The last weekend in March have brought us another pair of movies opening in the high teens to low twenties. This time around Diary of a Wimpy Kid: Rodrick Rules was the low-twenties movie, picking up a very respectable $24.4 million on debut, which is a shade ahead of the $22 million earned by the first film in the franchise this time last year. Sucker Punch produced a slightly disappointing $19 million opening weekend, which is a drop in the bucket compared to its $75 million budget. It'll need good international numbers and a strong home market performance to recoup costs.
Overall box office will be down about 7% from last year, continuing 2011's losing streak, although that makes this one of the better weekends of the year so far.
Predicting the winner at the box office this weekend could be tough, as there appears to be no real consensus on which film has the advantage. This is mostly due to uncertainty with one of the films, with just as many analysts predicting Sucker Punch will win with ease as are predicting that film will really struggle. On the other hand, there is a pretty strong consensus with regards to the overall box office when compared to last year and there's almost no chance 2011 will keep pace with 2010. Worse case scenario has Sucker Punch and Diary of A Wimpy Kid: Rodick Rules combined opening with less than How to Train Your Dragon opened with. This means March will end on a low note, which has happened far too often this year.
It was another poor weekend at the box office and none of the new wide releases were blockbusters, but on the plus side, none were bombs either. The overall box office was down 11% from last weekend to $115 million, which was 9% lower than the same weekend last year. However, that was actually much better than 2011 has managed for most of the year. Year-to-date, 2011 is still off of 2010's pace by 20% at $2.52 billion to $2.02 billion and that likely won't change till Memorial day. Hopefully it won't be too late to turn things around by then.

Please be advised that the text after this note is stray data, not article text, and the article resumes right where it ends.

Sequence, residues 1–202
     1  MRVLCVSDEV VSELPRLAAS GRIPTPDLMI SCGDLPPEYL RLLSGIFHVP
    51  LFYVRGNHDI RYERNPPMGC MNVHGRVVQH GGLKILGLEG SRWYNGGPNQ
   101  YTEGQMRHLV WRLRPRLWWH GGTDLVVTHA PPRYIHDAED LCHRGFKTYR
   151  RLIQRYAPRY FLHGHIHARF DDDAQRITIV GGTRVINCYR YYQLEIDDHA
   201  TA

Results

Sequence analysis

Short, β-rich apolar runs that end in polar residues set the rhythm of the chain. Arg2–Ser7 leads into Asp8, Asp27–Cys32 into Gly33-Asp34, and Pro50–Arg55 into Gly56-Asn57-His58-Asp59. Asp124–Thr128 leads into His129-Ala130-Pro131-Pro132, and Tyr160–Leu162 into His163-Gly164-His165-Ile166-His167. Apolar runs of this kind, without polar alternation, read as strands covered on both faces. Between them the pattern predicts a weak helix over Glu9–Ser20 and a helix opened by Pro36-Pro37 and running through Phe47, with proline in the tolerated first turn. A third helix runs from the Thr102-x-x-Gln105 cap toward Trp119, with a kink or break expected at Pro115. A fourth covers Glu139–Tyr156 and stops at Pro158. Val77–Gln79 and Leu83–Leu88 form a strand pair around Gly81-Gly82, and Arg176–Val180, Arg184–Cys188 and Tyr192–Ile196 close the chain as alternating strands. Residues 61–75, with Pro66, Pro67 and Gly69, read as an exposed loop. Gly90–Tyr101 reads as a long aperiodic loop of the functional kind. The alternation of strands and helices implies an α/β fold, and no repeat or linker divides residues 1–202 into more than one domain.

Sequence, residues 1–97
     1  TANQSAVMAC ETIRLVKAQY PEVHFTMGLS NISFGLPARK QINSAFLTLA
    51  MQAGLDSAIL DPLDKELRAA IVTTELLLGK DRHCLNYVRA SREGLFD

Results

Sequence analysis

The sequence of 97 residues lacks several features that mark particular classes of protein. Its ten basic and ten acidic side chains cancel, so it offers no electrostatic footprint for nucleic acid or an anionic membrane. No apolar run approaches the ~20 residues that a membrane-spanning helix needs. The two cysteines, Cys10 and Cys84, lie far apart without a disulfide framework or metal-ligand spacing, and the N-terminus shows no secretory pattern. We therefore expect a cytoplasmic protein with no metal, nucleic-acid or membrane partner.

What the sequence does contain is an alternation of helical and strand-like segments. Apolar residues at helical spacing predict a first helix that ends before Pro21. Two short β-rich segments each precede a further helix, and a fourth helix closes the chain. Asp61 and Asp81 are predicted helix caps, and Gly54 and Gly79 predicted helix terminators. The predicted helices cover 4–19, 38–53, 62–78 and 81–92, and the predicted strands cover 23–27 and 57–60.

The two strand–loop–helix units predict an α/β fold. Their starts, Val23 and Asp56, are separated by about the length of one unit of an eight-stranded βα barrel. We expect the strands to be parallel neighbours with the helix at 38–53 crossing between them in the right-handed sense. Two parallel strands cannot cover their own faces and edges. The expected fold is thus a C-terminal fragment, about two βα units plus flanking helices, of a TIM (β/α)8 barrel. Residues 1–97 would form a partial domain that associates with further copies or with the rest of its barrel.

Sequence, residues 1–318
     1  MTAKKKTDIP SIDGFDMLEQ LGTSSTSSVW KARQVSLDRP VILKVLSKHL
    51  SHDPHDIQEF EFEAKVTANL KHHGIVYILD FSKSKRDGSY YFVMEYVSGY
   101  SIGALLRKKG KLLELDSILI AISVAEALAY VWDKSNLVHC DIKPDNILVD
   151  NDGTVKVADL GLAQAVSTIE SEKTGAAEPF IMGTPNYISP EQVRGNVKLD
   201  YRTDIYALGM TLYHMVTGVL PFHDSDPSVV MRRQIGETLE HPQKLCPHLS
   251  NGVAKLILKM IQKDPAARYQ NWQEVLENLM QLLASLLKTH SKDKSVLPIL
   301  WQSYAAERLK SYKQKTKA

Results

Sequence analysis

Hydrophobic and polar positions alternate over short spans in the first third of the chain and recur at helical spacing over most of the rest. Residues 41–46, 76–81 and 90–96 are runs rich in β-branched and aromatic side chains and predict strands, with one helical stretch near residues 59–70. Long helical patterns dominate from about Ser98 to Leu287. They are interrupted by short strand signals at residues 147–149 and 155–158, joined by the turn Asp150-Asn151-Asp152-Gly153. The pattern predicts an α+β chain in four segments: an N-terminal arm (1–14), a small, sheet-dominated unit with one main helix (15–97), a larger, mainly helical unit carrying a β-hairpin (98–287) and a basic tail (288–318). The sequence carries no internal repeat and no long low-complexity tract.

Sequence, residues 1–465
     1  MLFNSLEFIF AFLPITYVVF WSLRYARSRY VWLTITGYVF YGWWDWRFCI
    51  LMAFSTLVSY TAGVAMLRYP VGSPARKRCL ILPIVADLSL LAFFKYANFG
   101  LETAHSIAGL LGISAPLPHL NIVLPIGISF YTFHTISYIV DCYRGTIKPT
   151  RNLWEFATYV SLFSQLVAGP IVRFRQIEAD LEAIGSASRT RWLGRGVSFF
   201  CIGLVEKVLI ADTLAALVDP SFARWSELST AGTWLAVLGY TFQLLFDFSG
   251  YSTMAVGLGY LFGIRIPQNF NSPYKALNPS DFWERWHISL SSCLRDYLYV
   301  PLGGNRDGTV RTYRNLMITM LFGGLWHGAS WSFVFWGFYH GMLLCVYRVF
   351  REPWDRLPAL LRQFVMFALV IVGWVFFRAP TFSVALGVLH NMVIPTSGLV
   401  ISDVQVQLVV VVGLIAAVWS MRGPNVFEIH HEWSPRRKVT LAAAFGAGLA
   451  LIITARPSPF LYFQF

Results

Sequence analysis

The North American box office showed further glimmers of hope this weekend, with no less than five movies vying for top spot on the chart, and Limitless handily beating expectations to finish first. Its $19 million debut is the best so far for Relativity Media's fledgling distribution organization. Overall, however, box office will be down around 10% from last year, continuing a losing streak that will almost certainly extend to cover the entire first quarter.
Three wide releases come out this week, all of which have the potential to reach first place, and there's a slim chance they will finish one-two-three. On the other hand, there are also two holdovers that have a reasonable shot at first place as well, meaning the new releases could be fighting for scraps at the box office. Regardless, there's little hope that the total box office will match last year's pace, as Alice in Wonderland was still dominating the chart. Best case scenario, there's a close race for top spot with a couple of the new releases pulling in $30 million, or close to it. Worst case scenario has no new release earning half that. Unfortunately, the low end seems more likely.
This is going to suck. February wasn't exactly a banner month at the box office and 2011 is already roughly $400 million behind 2010's pace. To make matters worse, last March broke records starting with the release of Alice in Wonderland. There is no movie coming out this month that will come close to Alice in Wonderland's performance; in fact, the number one film this March will likely not do as well as the second best film from last March. The best case scenario has the month producing three $100 million movies, plus a number of midlevel hits, while still failing to match last year's pace by about $100 million. The worst case scenario has two of the three potential $100 million hits missing that mark, plus the midlevel hits also struggling. In that case, we could end March about $300 million further behind 2010's pace. (Hopefully things will start to turn around in April.)